The central unit of collective intentionality is joint intention, that is, the members of a social group share as group the content of an intention x. A typical joint intention is often expressed in the form we as group will do x. On joint intentions, see (Tuomela 2002), chapter 2, (Tuomela 2007), chapter 4, (Tuomela 2000), chapter 3, and, in special, (Tuomela 2013), chapter 3. Joint intentions in the we-mode cannot be reduced to I-mode intentions. The content of such joint intentions is “the participants jointly intend to jointly see it as a group where x (x= state of affair or a joint action) comes about”. We-intentions are often “aim-intentions” (intentions that some state of affairs, possibly a collective one (for example, that there be peace in Syria), come about or be maintained. Such intentions are to be distinguished from ordinary by action intentions. One possible account of how joint intentions come about is given by the bulletin board view––see, for example, Chapter 5 of (Tuomela 2013) and the chapters that precede it.
The distinction between group-(we-) and I-goals is a strategy of the participants because the commonality of collective intents is a matter of the assumed agreement. It may be that the agreement about collective actions as means is to reach an underlying private aim of some of the participants. But collective goals presuppose collective cooperation and coordination of actions as a means.
Tuomela (2009) introduces the bulletin board view of collective acceptance in order to describe the general conceptual feature of forming joint intentions and beliefs: For instance, the organizing committee communicates, on a black board, “Members of group g will clean the park next Saturday” [(Tuomela 2007), chapters 4 and 5, (Tuomela 2002), Chapter 4]. “Those who will participate, please sign up here”. The “will” expresses an intention, and not a prediction. The account has the advantage:
1. It explains the collective and shared acceptance of attitudes (intentions, beliefs, and other voluntary attitudes) and exemplifies the acceptance with the presupposition of the shared task. If enough members come together cleaning the park then there exists a categorical, non-conditional intention, and a joint intention among the members, who sign the list;
2. The members have committed themselves to the goal in question;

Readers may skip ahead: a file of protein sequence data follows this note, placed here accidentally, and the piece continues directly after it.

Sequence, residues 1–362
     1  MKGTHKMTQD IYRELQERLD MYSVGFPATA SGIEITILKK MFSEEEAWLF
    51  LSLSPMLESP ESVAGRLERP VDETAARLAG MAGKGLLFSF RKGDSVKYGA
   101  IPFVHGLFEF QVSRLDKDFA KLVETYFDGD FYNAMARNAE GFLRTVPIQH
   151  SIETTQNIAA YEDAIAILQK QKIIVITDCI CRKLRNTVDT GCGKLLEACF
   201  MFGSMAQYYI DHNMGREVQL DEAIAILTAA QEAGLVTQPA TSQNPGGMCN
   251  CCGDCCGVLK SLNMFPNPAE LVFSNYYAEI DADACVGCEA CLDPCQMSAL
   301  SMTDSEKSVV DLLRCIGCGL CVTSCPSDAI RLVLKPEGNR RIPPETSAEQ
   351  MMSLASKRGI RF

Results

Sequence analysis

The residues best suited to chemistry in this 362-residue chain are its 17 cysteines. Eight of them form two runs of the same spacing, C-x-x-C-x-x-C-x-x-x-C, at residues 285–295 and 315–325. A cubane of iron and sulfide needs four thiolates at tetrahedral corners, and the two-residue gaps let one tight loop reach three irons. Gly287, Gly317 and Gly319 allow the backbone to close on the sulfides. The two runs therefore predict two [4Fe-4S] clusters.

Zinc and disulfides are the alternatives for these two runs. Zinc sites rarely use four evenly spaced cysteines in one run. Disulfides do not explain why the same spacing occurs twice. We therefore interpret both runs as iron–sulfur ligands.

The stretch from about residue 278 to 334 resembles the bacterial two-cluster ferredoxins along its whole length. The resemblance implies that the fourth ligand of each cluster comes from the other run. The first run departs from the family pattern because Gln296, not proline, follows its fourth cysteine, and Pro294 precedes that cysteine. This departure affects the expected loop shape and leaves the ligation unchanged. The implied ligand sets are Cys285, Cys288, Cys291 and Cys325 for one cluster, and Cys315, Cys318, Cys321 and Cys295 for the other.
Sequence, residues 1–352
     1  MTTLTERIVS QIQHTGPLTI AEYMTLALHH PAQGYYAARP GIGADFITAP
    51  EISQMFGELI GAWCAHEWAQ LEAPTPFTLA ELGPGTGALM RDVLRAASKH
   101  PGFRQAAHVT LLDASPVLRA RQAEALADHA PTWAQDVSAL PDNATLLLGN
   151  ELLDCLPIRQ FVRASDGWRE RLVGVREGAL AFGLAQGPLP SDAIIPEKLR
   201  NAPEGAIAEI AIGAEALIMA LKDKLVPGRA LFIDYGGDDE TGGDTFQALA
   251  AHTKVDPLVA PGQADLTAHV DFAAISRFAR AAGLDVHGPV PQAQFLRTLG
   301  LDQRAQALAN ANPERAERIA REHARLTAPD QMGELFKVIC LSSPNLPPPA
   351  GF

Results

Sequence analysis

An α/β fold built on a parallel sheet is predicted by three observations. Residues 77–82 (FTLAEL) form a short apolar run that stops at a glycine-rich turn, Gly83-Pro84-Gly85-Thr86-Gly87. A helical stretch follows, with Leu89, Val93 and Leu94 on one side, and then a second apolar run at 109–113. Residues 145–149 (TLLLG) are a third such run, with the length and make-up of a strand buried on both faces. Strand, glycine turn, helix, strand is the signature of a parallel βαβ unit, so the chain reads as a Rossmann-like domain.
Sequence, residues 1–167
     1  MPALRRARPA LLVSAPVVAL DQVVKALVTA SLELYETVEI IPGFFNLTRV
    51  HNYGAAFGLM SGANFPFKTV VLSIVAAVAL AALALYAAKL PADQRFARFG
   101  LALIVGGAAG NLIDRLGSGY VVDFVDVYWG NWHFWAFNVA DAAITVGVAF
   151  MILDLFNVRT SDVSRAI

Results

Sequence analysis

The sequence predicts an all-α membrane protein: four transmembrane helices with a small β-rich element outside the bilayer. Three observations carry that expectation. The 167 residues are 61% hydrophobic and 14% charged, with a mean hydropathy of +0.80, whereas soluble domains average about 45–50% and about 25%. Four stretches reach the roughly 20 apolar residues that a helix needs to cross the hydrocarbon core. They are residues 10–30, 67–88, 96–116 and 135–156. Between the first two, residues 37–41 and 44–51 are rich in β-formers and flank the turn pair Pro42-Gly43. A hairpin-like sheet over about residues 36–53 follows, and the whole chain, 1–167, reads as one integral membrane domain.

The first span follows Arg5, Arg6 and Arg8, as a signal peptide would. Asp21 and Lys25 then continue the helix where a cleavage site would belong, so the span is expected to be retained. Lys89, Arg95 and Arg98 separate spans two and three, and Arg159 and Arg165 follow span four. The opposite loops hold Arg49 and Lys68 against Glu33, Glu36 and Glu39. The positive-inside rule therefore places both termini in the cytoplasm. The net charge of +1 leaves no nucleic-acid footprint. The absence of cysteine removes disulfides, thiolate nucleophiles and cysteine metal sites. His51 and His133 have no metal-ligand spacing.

3. The account does not assume a prior intention to form the joint intention cleaning the park;
4. The members can take different symmetric, asymmetric, and complementary social status functions and roles solving the task;
5. There is a strong epistemic intention because the members can verify the content of the intention; and
6. The account is also applicable to I-mode intention formation.
Tuomela revises his version of collective acceptance with respect to egalitarian and hierarchical groups. He gives an analysis of social structured groups with different roles and status positions in which not all members need to participate in the collective acceptance. (Tuomela 2013, Chapter 5, esp. pp. 127-130.)
He also discusses other accounts involving the formation of group attitudes in chapter 5 of the aforementioned book. The analysis of the social domain by the acceptance model is “philosophical (conceptual, metaphysical)”, and “design-theoretic”. Tuomela (Tuomela 2002, pp. 158) emphasizes that collective acceptance involves a “procedural” component. (Tuomela 2013, pp. 125.) The orientation of the possible participants of the “voluntary group attitude formation” is “Which attitude (e.g., want or belief, as the present case may require) should we accept for our group in this situation?” (Tuomela 2013, pp. 125.) Therefore the collective acceptance theory of sociality leads to the analysis of the collective we- and I-attitudes of members of social groups.

4. We- and I-Attitudes

Tuomela applies the conceptual tool of collective acceptance to various kinds of social practices. Social practices and communication can be of many different sorts: For example, working in a business company, participating in road traffic, meetings, and Christmas parties. All these communicative events are connected by a unified concept of a collective attitude. This attitude can be analysed by shared we-mode, collective intentionality.